Following the handover in 1997, officers of the Hong Kong Police have guarded the building.
The garden of Government House is opened twice a year to the public. At least one will be arranged in spring to enable members of the public to share the delight in viewing the full bloom of the azaleas. Visitors are usually allowed to pass by the drawing room, dining room and ballroom where key official functions are held.
The open days are generally arranged during weekends. Dates are announced through press releases one week in advance. No admission fee is charged.
The ballroom of Government House was made available in the 1990s on three Fridays each month for bookings by charitable, non-profit or public organisations to host events that benefit the community. The nature of the event under application must be well-matched with the identity of Government House as an important historical monument of Hong Kong and with its status as a dignified location for the Hong Kong Government to hold official functions. In early 2006, the Chief Executive moved into Government House and used it as official residence and office. Most of the staff in the Chief Executive's Office have also been relocated to Government House to support the Chief Executive. Since then, Government House is no longer available for booking due to security and operational reasons.
In 1900, Mountain Lodge, on Victoria Peak, was built as an alternate summer home for the Governor, a role it retained until 1934. The building survived until 1946, but today only the Gate Lodge and Victoria Peak Garden remain. One of three "GOVERNOR'S RESIDENCE" marking stones of the former Mountain Lodge was erected in the small flower bed in front of the entrance of the Government House in 1980.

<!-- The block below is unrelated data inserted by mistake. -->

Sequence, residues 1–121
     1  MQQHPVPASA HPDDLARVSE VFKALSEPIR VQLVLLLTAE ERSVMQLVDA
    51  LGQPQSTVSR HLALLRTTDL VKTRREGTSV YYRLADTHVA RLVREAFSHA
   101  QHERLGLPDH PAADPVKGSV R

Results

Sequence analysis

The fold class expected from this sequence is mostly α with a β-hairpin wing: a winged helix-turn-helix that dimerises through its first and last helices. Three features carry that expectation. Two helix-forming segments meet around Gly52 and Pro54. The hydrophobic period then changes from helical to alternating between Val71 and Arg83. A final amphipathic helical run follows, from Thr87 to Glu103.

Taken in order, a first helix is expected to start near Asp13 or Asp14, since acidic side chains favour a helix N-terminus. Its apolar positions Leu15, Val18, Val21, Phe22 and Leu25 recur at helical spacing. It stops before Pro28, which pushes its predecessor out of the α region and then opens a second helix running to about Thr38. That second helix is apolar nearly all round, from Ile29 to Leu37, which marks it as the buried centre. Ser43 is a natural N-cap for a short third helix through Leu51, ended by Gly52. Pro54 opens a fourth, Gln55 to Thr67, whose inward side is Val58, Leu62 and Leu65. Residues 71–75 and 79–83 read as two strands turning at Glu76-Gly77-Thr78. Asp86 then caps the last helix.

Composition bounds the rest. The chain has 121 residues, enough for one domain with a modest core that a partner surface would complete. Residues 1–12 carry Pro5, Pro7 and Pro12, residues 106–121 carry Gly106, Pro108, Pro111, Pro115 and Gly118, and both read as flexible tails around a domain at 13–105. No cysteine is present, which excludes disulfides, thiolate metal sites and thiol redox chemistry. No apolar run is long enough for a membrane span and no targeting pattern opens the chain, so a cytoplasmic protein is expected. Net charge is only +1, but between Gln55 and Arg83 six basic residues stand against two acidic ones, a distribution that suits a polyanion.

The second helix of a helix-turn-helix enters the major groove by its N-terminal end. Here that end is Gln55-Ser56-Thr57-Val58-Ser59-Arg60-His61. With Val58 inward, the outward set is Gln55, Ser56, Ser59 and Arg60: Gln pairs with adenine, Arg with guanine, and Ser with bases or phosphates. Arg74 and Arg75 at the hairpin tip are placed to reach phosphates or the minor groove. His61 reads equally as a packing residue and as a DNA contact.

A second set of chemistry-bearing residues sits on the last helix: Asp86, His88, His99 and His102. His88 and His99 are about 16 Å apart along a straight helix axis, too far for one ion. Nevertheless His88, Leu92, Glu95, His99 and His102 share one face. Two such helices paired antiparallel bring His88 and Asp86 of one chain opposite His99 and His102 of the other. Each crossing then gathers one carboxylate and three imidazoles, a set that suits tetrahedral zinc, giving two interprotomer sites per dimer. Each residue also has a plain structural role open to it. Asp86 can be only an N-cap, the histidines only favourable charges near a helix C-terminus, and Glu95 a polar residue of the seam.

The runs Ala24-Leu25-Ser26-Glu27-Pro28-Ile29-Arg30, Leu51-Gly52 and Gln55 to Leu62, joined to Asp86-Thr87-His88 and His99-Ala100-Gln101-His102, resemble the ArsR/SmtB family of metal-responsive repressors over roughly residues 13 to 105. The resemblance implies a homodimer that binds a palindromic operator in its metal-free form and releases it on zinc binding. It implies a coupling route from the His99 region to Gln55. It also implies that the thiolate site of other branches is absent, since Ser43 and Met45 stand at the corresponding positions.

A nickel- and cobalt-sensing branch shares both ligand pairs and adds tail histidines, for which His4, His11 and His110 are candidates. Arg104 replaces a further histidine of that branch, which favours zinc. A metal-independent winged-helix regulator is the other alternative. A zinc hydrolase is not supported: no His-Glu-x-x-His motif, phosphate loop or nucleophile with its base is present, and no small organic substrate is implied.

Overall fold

From 1934, Fanling Lodge, in the New Territories, was used as a summer residence for the Governor. It has retained this role, and is now the alternative residence of the Chief Executive of Hong Kong. The Lodge is occupied mainly at weekends and on holidays.
According to The New York Times, alleged bad feng shui was the reason Tung Chee Hwa refused to live or work in Government House upon becoming Chief Executive. During his terms as Chief Executive, he was still heavily criticised by Hong Kongers, and his popularity fell well below 40% by the time of his resignation.
The Standard believed Tung's reason to stay away from the mansion was political: a subtle effort to reduce the age-old British legacy over Hong Kong. Other sources mention that "it was the warning about spying devices [installed throughout Government House] that scared him away".